The Scrambler was mainly designed for the American market. It underwent a number of changes until 1968 with the launch of true Scramblers mounting a “wide casing” engines, first in the 250 and 350 version and then, in 1969, in the 450 version.
The Scrambler series includes some models featuring Desmodromic cylinder heads and underwent a number of technical touch-ups up until 1974, when its production was discontinued.
The reasons behind its commercial popularity are manifold. First, its outstanding frame (it was even used for racing, something that had probably never happened before in the history of motorcycling) and the engine made to measure for its purpose. It was not the fastest motorcycle of its time, but the overall performance and the perfectly centred riding position made it one of the most enjoyable bikes around. Moreover, it was extremely elegant with its rounded shapes, at once classic and modern, and the bright colors contrasting with the black chassis and the chromed fuel tank.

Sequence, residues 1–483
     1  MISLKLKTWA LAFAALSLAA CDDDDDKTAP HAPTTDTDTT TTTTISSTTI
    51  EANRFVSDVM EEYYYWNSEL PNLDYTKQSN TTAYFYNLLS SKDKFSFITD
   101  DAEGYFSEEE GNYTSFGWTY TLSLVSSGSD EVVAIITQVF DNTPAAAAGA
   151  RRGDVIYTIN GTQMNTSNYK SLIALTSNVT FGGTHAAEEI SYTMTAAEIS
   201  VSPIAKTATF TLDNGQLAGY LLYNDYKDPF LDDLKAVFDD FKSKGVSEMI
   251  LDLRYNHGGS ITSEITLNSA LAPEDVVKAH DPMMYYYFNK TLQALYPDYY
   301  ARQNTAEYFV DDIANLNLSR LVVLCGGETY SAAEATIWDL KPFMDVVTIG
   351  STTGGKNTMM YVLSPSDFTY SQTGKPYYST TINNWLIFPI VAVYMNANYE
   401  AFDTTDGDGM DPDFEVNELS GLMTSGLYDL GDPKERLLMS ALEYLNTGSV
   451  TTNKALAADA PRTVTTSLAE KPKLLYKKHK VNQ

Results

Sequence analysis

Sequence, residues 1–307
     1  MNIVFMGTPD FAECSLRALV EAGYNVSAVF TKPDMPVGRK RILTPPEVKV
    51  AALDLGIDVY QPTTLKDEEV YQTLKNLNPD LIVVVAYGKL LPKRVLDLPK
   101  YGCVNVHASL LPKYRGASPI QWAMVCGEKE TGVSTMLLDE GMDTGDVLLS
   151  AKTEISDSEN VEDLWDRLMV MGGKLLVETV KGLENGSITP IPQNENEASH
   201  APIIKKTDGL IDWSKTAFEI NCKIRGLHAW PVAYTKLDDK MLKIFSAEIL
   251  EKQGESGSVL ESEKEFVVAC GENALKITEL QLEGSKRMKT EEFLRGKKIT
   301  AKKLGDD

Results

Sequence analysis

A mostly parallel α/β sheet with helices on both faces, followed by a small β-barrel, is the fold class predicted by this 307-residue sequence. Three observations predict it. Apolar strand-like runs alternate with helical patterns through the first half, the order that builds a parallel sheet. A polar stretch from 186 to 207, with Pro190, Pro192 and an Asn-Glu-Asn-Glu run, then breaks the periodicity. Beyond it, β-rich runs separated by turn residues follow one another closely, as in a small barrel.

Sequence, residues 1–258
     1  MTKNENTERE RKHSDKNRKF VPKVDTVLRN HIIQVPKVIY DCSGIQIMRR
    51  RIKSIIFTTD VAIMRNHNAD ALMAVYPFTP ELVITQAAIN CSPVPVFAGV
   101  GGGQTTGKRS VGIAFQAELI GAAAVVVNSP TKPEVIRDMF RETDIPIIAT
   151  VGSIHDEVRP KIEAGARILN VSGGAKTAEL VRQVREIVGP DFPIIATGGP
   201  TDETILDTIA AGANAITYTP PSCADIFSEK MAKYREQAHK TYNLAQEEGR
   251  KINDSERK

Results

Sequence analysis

The Scrambler was universally considered as the convergence between the American and European motorcycling schools. It was incredibly fashionable and it still is quite popular.